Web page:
Now McCaslin and his band are performing some of Bowie’s songs, alongside pieces from their albums “Casting for Gravity” and “Fast Future,” and some new things. Along with McCaslin’s horn, the band has keyboardist Jason Lindner, drummer Mark Guiliana and bassist Jonathan Maron (known for his work with Groove Collective).
It’s a far cry from a restaurant gig with his dad, but McCaslin is up to the challenge.
McCaslin’s show is at 8 p.m. Friday, April 7, at the Folly, 300 W. 12th St. Tickets are $10 to $50. Call 816-474-4444 or check FollyTheater.org. McCaslin will participate in a question-and-answer session for ticketholders at 7 p.m.
Jon Batiste honored
Since 2005, the American Jazz Museum has given its Lifetime Achievement Award every spring, and this year’s choice is a little bit surprising: Jon Batiste — pianist, singer and bandleader on “The Late Show With Stephen Colbert.”
Batiste, at 30, says that he plays “social music,” music to bring people together and perhaps even make them dance. His band, Stay Human, is especially good at that. He’s a descendant of a prominent New Orleans-area musical family, and his good-guy persona on stage and television doesn’t seem to be a facade. He has also been named one of Forbes’ “30 Under 30.” So let’s celebrate this one with him.
▪ Trumpeter, composer and educator Ron McCurdy, formerly of the University of Kansas, is bringing a big project to town. When poet Langston Hughes died in 1967, he had written a series of poems to be set to music, “Ask Your Mama: 12 Moods for Jazz,” but the musical end of the collaboration was unfulfilled. Now McCurdy has tried to tie up those loose ends in his Langston Hughes Project, which comes to the American Jazz Museum, 1616 E. 18th St., at 6 p.m. Thursday, April 6. It’s a multimedia affair, with McCurdy’s jazz group, video and poetry. Tickets are $10.
▪ The next live performance-recording session for the “12th Street Jump” radio show honors lyricist Yip Harburg and blues singer Bessie Smith, and singer Molly Hammer is a guest. The session is at 7:30 p.m. Wednesday, April 5, at the Green Lady Lounge, 1809 Grand Blvd.
▪ The Blue Room, 1600 E. 18th St., has a Monday jam, at 7 p.m. on April 3, led by singer Dave Rizer. Singer and multi-instrumentalist Lester “Duck” Warner performs at 7 p.m. Thursday, April 6. The band B2 Experience appears at 8:30 p.m. Friday, April 7. The Bosman Twins, Dwayne and Dwight, multi-reed artists from St. Louis, perform at 8:30 p.m. Saturday, April 8.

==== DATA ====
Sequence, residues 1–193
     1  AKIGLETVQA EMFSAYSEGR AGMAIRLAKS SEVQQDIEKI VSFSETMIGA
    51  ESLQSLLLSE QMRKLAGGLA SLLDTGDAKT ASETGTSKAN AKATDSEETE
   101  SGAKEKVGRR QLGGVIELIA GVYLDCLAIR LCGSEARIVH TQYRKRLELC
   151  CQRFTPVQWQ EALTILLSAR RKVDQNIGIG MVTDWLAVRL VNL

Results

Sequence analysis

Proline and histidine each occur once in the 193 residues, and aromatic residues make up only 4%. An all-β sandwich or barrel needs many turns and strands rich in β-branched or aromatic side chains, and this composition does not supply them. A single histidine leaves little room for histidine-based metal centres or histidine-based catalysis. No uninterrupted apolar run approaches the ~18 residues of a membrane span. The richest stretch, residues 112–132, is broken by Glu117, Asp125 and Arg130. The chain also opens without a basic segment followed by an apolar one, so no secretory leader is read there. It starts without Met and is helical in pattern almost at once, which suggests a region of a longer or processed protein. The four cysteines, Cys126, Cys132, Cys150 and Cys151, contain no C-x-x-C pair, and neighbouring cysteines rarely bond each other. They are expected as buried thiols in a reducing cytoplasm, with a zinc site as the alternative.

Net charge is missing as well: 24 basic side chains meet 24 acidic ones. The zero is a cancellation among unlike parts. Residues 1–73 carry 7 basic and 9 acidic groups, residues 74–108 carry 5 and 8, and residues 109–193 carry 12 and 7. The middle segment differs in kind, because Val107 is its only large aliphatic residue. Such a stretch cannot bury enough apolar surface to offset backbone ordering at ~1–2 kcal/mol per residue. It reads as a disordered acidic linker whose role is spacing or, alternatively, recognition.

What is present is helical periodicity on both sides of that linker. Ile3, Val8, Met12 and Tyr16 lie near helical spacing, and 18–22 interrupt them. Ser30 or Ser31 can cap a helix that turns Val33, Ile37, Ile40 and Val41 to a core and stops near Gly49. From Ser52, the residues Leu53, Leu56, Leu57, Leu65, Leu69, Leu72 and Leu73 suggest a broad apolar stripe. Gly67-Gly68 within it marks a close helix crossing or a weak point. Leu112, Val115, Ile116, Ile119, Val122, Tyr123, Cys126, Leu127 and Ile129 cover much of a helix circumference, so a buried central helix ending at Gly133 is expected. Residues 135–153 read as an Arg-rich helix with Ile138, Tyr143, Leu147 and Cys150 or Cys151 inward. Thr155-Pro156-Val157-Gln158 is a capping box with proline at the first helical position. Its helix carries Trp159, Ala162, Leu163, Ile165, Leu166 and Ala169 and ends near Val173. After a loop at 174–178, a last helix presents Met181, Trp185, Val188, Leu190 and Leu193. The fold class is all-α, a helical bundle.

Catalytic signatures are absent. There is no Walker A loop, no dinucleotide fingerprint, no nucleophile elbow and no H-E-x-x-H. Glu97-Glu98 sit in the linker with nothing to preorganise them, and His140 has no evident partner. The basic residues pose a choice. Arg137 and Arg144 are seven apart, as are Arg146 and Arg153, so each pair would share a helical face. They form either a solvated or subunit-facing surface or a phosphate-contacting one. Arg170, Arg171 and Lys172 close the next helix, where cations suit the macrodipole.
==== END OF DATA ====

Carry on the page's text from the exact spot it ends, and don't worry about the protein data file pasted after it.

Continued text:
▪ The Green Lady also has the band of drummer Danny Rojas and organist Everette DeVan at 6 p.m. Sunday, April 2, followed by tenor saxophonist Steve Lambert’s quintet at 10:30 p.m.; singer Molly Hammer at noon Monday, April 3, followed by organist Ken Lovern’s trio at 6 p.m. and vibraphonist Peter Schlamb’s trio at 10:30 p.m.; pianist Roger Wilder’s trio at 6 p.m. Tuesday, April 4, followed by a group led by bassist Gerald Spaits and reed man Charles Perkins at 10:30 p.m.; Lovern’s trio again at 8:30 p.m. Wednesday, April 5, followed by saxophonist Ernest Melton’s quartet at 10:30 p.m.; Guitar Elation at 6 p.m. Thursday, April 6, followed by drummer Natalie Bates’ quartet at 10:30 p.m.; drummer Kevin Frazee’s trio at 2 p.m. Friday, April 7, followed by pianist Tim Whitmer’s quartet at 5:30 p.m., Schlamb’s Electric Tinks band at 9 p.m. downstairs and organist Chris Hazelton’s Boogaloo 7 at 10 p.m. upstairs; and Lovern’s group at 6 p.m. Saturday, April 8, followed by Wilder’s quartet at 9 p.m.
▪ The Westport CoffeeHouse Theatre, 4010 Pennsylvania Ave., has trumpeter Nate Nall’s quintet at 7 p.m. Wednesday, April 4, and trombonist Marcus Lewis with guest tenor saxophonist Adam Larson at 4 p.m. Sunday, April 9.
▪ The midday jazz series at Johnson County Community College has pianist Andrew Ouellette’s trio at noon Tuesday, April 4, in the Recital Hall in Carlsen Center and tenor saxophonist Matt Otto’s group at noon on April 11.
Joe Klopus, 816-234-4751